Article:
Chronic prostatitis/chronic pelvic pain syndrome (CP/CPPS) is a common prostatic syndrome with a worldwide prevalence of 2 % to 10 % in adult men [13]. Based on a survey in China, the prevalence of CP/CPPS-like symptoms among Chinese men is 4.5 % [4]. CP/CPPS can present with a wide range of clinical manifestations; the main symptoms include urogenital pain, lower urinary tract symptoms, psychological issues and sexual dysfunction [5]. Compared with other urological conditions, the aetiologic factors of CP/CPPS are unclear, and its pathophysiological mechanisms are still poorly understood. It is hypothesized that inflammation or abnormal activity of the pelvic nerve and muscle play important roles in this disease [6]. According to the consensus guidelines, there is still no standard treatment for CP/CPPS; as a result, individualized therapy and symptom-based treatment approaches are recommended [5]. The interventions for CP/CPPS include medication (alpha-adrenergic antagonists, antibiotics, pain pharmacotherapies, 5-alpha-reductase inhibitors, and phytotherapy), physiotherapy (biofeedback, acupuncture) and surgical intervention [710]. Drugs such as alpha-adrenergic antagonists and antibiotics have been considered the initial treatment options for CP/CPPS, but in most cases, the administration of a single drug does not relieve multiple symptoms [5]. Hence, other approaches to prevent and ameliorate CP/CPPS symptoms are considered essential. Acupuncture may be a currently underestimated option for CP/CPPS treatment. Based on prior research by Lee et al., acupuncture may relieve the pain-related symptoms of CP/CPPS [11]. Thus far, although several well-designed randomized controlled trials (RCTs) related to acupuncture for the treatment of CP/CPPS have been published [1215], the recommendations for CP/CPPS in current guidelines remain at level 5 (the lowest level) [5]. Therefore, we designed this trial to further assess the efficacy of acupuncture for treating CP/CPPS.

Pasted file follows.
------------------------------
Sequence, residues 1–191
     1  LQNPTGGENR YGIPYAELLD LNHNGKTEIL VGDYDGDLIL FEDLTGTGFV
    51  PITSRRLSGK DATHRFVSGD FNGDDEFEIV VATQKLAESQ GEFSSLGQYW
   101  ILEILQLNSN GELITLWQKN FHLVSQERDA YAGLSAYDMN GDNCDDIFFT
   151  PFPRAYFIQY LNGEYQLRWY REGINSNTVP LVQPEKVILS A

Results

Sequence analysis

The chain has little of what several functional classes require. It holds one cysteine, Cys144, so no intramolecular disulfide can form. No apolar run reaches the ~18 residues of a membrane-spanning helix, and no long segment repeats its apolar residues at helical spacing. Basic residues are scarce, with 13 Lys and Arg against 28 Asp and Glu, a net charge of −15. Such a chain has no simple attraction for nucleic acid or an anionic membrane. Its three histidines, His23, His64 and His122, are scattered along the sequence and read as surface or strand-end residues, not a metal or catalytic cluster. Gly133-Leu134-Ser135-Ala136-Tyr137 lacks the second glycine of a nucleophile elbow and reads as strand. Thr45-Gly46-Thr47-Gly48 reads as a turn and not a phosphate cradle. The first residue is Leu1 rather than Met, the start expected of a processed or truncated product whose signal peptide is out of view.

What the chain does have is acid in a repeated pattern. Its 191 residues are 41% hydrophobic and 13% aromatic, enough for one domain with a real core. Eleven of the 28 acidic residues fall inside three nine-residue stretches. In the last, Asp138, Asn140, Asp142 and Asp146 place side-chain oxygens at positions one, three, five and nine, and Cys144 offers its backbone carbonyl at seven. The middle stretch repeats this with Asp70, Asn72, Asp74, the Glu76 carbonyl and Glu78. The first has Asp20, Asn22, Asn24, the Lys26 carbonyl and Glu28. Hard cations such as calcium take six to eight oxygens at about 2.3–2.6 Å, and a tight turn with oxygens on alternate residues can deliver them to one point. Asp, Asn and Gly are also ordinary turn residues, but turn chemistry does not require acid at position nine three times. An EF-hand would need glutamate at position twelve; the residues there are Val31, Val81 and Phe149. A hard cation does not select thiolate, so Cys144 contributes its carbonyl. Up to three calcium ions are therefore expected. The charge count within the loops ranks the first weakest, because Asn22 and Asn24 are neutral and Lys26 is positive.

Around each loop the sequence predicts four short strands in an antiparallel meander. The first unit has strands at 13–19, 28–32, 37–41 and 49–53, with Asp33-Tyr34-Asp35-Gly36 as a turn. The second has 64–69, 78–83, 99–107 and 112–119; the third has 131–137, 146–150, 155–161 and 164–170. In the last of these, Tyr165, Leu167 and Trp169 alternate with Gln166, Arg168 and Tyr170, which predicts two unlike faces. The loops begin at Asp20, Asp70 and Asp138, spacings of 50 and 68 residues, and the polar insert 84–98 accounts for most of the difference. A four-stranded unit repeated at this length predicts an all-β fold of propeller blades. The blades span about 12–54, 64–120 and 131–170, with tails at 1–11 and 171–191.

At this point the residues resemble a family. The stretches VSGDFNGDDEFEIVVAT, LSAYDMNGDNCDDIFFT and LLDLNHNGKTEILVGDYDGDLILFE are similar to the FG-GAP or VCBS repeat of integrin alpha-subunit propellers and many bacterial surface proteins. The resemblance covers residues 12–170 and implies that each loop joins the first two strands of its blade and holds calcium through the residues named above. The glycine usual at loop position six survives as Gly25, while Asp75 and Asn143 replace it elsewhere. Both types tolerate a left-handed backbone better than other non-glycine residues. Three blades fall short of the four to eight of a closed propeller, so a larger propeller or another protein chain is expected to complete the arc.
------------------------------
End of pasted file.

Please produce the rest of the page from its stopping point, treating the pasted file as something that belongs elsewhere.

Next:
Methods/design

Aim

The aim of this study is to evaluate the efficacy of acupuncture in CP/CPPS patients.

Design